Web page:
Tomorrow, August 16, Representative Liz Cheney will ask Wyoming voters for their support in handing her the nomination to the state’s “at large congressional district.” From her activity on the January 6 committee to her vote in support of impeaching former President Donald Trump, Cheney is in an unenviable position going into her primary in this deep red state. But will the daughter of a former vice president turn an expected loss into a career-building win?
The Numbers So Far
Of those running, all the attention is on Cheney and Trump-backed attorney Harriet Hageman. Mason-Dixon Polling in June gave Hageman a stunning 22-point lead; other surveys reflect a similar outlook. Only 29% of residents approve of Cheney’s decision to serve on the Jan. 6 panel; 63% disapprove. Furthermore, 61% of poll respondents said the incumbent’s opposition to Trump impacts her ability to deal with Wyoming affairs effectively. However, it is not just polling that portends Cheney’s fate.
Social media sentiment has been gaining prominence as a tool for determining popularity. Although it has statistical drawbacks due to being cultivated from sources worldwide, its use for analytics is in showing public opinion. By this metric, Liz Cheney should be very worried. A CrowdWisdom.live analysis for August 10 shows that “Liz Cheney’s net social media sentiment is (-92%). The worst for any candidate, anywhere in the world.” Compared with Hageman’s figure (-10.2%), the data suggests that winning Tuesday’s primary will be a significant uphill battle for the Trump foe.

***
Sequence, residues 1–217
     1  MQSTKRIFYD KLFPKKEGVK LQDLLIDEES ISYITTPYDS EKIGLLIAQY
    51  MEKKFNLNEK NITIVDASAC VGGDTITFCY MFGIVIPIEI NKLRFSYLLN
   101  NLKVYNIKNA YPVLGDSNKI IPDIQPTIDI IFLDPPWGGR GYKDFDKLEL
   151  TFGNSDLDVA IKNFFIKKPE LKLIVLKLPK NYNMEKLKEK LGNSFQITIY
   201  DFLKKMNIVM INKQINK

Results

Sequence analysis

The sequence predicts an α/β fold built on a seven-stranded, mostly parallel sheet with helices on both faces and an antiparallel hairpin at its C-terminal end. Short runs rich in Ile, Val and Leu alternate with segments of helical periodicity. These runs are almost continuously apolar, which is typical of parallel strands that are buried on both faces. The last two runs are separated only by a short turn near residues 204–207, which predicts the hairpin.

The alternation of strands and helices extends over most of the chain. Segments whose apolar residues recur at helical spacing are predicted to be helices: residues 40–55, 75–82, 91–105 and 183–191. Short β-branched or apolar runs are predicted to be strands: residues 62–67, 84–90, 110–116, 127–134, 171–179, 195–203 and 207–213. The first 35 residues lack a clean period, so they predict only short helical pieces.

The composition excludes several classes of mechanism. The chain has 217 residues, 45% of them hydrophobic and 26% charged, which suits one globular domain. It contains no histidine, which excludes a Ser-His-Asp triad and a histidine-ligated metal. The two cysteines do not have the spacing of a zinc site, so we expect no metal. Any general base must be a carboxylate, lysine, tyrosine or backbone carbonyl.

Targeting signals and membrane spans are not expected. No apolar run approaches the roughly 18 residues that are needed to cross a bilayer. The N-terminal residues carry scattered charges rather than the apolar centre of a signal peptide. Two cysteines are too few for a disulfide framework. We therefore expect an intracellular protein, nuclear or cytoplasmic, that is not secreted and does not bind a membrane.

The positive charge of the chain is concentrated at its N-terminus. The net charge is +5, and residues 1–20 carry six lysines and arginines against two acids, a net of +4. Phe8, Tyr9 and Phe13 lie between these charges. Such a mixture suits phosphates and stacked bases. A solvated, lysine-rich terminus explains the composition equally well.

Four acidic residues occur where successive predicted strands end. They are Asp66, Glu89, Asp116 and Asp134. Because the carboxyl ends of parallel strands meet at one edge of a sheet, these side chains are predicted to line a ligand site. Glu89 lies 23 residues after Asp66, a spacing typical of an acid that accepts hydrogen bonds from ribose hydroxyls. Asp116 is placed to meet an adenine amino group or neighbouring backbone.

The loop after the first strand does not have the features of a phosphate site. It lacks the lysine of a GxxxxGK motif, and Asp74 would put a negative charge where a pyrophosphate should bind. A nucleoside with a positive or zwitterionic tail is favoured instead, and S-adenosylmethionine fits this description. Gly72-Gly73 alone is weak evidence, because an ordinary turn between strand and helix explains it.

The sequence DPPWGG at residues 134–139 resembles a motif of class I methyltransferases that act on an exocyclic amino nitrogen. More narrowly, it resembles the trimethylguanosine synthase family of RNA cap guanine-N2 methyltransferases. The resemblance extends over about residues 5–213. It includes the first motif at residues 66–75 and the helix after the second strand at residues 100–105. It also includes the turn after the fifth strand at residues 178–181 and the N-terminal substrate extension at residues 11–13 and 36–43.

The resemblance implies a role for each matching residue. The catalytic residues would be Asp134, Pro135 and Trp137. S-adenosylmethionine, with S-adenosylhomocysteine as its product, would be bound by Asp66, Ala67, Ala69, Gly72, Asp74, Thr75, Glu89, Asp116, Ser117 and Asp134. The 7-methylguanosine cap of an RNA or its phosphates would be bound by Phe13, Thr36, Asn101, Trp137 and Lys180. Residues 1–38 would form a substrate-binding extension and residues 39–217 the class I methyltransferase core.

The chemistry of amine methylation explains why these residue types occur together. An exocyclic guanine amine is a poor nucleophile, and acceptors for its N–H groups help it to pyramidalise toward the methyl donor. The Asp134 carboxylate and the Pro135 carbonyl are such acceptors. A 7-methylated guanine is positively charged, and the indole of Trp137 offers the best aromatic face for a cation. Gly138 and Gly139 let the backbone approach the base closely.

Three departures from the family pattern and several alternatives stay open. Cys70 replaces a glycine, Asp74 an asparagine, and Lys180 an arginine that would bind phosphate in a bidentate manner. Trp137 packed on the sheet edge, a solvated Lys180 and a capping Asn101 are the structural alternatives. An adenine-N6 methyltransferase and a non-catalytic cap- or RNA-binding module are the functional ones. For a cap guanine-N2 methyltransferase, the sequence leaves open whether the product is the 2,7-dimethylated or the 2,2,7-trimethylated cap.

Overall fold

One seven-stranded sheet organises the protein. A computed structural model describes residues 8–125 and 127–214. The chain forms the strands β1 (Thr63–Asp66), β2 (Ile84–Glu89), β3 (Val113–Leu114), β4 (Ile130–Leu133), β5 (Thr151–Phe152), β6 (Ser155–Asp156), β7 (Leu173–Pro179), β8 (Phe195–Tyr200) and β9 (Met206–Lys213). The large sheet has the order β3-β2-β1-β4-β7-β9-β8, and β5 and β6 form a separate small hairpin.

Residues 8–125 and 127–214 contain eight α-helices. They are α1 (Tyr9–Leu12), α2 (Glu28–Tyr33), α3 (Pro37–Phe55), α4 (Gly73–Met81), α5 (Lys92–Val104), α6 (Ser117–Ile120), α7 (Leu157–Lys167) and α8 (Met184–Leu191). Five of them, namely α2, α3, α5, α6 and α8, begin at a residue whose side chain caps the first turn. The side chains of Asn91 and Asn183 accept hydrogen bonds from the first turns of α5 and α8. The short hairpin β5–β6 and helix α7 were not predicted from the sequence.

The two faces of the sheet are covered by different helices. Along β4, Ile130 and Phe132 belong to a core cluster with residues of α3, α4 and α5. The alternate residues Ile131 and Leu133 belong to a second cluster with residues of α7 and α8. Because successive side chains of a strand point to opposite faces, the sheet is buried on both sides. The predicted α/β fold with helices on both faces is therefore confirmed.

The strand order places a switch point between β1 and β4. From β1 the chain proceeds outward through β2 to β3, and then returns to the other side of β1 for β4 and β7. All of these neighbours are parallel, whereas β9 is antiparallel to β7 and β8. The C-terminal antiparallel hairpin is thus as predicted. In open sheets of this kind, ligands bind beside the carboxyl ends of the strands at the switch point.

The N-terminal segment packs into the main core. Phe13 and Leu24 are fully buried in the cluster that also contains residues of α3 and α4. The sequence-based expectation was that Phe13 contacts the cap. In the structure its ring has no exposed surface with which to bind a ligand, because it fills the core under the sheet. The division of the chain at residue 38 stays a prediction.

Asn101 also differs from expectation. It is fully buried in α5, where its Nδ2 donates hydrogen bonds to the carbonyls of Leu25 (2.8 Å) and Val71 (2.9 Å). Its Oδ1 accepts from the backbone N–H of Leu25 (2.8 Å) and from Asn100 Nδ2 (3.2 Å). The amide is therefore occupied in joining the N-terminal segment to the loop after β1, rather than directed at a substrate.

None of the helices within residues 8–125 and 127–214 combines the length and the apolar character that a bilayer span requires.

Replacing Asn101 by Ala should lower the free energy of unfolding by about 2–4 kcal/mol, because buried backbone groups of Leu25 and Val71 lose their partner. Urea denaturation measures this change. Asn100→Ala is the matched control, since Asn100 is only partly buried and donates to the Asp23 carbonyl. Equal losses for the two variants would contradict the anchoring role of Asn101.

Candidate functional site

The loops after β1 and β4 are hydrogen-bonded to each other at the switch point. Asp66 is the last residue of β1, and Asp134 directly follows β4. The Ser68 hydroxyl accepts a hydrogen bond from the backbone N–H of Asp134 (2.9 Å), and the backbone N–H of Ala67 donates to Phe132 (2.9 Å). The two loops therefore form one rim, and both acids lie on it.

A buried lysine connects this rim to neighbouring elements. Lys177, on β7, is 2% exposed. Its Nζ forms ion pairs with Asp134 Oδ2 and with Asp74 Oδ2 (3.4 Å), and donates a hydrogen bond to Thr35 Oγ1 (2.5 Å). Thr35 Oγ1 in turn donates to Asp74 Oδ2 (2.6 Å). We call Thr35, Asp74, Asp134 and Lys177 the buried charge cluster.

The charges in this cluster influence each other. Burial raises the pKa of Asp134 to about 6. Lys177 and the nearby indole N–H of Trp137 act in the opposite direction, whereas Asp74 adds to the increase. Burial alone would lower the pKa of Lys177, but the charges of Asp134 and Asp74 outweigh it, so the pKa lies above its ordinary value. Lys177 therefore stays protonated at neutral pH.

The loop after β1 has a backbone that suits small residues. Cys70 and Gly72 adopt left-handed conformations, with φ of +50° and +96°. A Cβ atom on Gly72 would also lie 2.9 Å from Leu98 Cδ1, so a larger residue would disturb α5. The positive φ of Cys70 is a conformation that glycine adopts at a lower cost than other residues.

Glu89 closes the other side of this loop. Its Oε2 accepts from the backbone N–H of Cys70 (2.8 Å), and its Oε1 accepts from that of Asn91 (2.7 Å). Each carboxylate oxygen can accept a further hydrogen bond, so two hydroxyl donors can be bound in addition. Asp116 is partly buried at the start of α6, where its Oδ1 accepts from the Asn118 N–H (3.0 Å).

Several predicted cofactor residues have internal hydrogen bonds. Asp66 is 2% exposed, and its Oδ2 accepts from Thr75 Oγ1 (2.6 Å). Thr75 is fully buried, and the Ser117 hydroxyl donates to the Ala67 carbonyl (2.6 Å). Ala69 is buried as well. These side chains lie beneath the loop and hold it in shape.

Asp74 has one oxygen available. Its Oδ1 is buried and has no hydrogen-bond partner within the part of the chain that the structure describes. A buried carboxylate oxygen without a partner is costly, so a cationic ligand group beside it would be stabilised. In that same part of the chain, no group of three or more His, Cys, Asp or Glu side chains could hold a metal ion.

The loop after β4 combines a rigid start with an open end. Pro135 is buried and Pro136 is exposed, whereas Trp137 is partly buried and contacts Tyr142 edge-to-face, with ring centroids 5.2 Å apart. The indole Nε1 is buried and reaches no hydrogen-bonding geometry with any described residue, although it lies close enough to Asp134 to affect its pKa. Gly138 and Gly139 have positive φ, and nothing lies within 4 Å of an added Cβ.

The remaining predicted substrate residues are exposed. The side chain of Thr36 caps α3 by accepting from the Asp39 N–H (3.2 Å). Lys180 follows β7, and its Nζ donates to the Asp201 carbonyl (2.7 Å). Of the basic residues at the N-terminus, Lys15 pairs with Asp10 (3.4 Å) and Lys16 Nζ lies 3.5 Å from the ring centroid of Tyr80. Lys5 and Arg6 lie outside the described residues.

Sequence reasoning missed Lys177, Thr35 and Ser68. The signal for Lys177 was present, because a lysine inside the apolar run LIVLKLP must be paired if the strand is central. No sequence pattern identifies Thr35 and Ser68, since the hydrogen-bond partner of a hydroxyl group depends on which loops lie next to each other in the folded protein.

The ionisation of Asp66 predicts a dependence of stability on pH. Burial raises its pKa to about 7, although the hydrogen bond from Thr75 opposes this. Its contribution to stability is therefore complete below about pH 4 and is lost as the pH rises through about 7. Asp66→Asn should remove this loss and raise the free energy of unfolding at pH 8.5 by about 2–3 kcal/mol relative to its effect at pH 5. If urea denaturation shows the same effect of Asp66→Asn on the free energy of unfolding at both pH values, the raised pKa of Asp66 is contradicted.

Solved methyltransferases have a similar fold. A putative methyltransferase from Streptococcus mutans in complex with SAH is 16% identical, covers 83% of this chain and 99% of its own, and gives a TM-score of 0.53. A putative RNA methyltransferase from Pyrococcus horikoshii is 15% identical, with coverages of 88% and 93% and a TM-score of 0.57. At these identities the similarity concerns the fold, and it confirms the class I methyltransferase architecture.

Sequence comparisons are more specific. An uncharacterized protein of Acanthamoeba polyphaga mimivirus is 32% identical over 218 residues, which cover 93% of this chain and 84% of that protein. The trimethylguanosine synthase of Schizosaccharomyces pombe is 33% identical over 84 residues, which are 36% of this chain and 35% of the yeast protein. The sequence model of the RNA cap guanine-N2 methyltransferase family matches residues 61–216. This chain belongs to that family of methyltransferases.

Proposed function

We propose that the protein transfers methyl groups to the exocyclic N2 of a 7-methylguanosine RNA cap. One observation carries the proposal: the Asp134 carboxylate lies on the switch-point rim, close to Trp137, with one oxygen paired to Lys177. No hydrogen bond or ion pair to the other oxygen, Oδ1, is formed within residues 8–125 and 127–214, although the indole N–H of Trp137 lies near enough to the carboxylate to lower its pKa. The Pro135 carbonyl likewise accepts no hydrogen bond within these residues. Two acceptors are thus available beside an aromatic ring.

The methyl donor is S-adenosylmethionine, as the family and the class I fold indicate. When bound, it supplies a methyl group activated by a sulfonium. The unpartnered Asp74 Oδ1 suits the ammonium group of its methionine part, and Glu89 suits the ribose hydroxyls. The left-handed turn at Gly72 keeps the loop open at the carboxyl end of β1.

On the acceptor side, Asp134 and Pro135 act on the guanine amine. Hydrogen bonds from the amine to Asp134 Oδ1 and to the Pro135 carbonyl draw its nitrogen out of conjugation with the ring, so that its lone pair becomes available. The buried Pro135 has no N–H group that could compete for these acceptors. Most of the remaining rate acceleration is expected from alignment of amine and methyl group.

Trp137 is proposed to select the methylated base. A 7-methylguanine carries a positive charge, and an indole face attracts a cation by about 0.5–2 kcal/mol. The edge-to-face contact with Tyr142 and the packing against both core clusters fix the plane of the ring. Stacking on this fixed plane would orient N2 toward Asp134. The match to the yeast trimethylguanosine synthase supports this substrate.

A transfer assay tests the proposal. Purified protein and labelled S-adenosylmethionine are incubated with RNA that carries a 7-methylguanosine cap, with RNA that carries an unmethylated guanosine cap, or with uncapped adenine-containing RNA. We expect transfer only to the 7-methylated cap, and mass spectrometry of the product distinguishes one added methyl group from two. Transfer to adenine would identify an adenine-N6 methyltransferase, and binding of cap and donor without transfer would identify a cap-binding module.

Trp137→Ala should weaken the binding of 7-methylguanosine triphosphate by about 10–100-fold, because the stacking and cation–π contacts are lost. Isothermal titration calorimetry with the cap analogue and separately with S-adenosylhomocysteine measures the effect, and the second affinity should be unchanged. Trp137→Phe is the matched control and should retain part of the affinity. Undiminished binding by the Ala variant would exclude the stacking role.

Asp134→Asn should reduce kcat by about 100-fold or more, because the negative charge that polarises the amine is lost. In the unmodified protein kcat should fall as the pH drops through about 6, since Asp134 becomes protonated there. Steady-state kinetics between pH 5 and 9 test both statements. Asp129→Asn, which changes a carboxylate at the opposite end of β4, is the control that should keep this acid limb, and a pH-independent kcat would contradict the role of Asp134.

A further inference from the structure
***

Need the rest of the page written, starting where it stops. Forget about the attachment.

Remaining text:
For his early supporters, Donald Trump’s outsider credentials were bolstered by a willingness to go after America’s political dynasties. During his first campaign, he took swipes at the Bush family, the Cheney family, and of course, the Clintons. The animosity between the upstart candidate and the legacy names only continued as Trump-brand insults flew fast and furious. Many in the Bush clan have still not forgiven him for labeling presidential contender Jeb “low-energy.” It seems the Cheneys have plenty of ire left in reserve as well.
Former Vice President Dick Cheney appears to have been biding his time in doling out a cold dish of revenge. It finally came in the form of a TV ad spot campaigning for his daughter in which he said, “In our nation’s 246-year history, there has never been an individual who is a greater threat to our republic than Donald Trump.” He continued, calling Trump a “coward” and insisting that Liz was the only one capable of holding him to account.
But beyond just making the case for her to continue serving the people of Wyoming, he was also laying the groundwork for an unlikely political comeback.
What Dreams May Come for Liz Cheney
If Cheney is – as expected – unsuccessful in gaining the nomination, will this deter her from running for the presidency in 2024? As is typical, questions on potential candidacy for the presidential nomination are dodged or ducked by those who wish to control the timing of their final announcement. Cheney’s recent deflection on ABC when asked if she was willing to run was consummate in its delivery. “The single most important thing is protecting the nation from Donald Trump,” she declared, and said she would decide about 2024 “down the road.”
With her recent efforts to convince the small Democrat population in Wyoming to keep her in office, Cheney has shown that she is willing to work with whomever she can. That she is the star quarterback of the Jan. 6 committee doesn’t hurt her credentials with the political left, either. When the ballots are all counted, don’t be surprised to find a resilient Liz Cheney claiming that only she can rid the GOP of dangerous Trump supporters who have hijacked the party she and her father served faithfully – and that losing her seat has set her free to do just that.